Yangyel Lhaden

The Thimphu High Court said Kuenphen Motors has to give Nu 15,000 to five aggrieved MGZS taxi drivers. But, 35 NETA V taxi drivers must pay Nu 3,750 each to Kuenphen Motors.

Section 97 is on Costs of Litigation which states, It shall be at the discretion of the Appellate Court based on the outcome of a case to determine an appropriate assignment of costs and other expenses related to the suit.

According to the court’s decision, the NETA V operators have to pay the dealer within 10 days. Then, the dealer has a month to pay the MGZS taxi operators.

This new ruling cancels out the decision made by the Thimphu District Court on December 29. That earlier decision had let Kuenphen Motors off the hook from paying Nu 30,000 in compensation, which was ordered by the Competition and Consumers Affairs Authority (CCAA).

The dispute between the dealers and taxi operators started in May last year. Fifteen MG ZS taxi operators filed a complaint with the CCAA, saying that the MG ZS electric cars didn’t meet the promised mileage of 419km, as advertised in Kuenphen Motors’ catalog. They argued that they received the MG ZS Sri Lankan version instead of the MG ZS UK version that was advertised.

They asked for either a swap of the MG ZS EV Sri Lankan version with the MG ZS EV UK version or a refund that matches the value of the features and parts absent in the Sri Lankan version.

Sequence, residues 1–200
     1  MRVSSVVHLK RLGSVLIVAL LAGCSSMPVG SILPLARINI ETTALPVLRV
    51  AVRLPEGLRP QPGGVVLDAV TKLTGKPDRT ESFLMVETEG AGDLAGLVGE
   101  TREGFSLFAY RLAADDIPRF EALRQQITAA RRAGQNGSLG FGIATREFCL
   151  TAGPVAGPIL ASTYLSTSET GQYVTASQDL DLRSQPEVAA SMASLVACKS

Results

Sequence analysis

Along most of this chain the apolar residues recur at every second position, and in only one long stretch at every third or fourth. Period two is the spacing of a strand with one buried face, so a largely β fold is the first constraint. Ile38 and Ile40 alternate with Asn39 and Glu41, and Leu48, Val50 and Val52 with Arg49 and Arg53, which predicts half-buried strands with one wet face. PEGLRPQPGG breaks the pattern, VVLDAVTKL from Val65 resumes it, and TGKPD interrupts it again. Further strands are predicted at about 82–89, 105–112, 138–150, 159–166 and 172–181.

Likewise, 40 Neta V taxi operators filed a complaint against the dealer for providing a different variant of the Neta V electric vehicle—384km instead of the advertised 401km range—and for charging additional fees upon delivery, exceeding the pre-booking price, as reported to the CCAA.

Both the dealers and the taxi operators appealed the CCAA’s decision to the Thimphu District Court, and later to the High Court.

The High Court upheld the decision regarding the NETA V case. However, it directed the taxi operators to pay the dealer a national minimum wage for one month.

In the MGZS case, the court instructed Kuenphen Motors to compensate MGZS with Nu 15,000 for the absent parts in the vehicle. However, it’s important to note that there is no evidence supporting the claim that the vehicle was advertised as both the MGZS Sri Lankan and MGZS UK versions.

One NETA V operator expressed dissatisfaction with the High Court’s decision and plans to appeal to the Supreme Court, while the proprietor of Kuenphen Motors, Thukten, expressed satisfaction with the ruling.

Both the parties have 10 days to appeal to the higher court.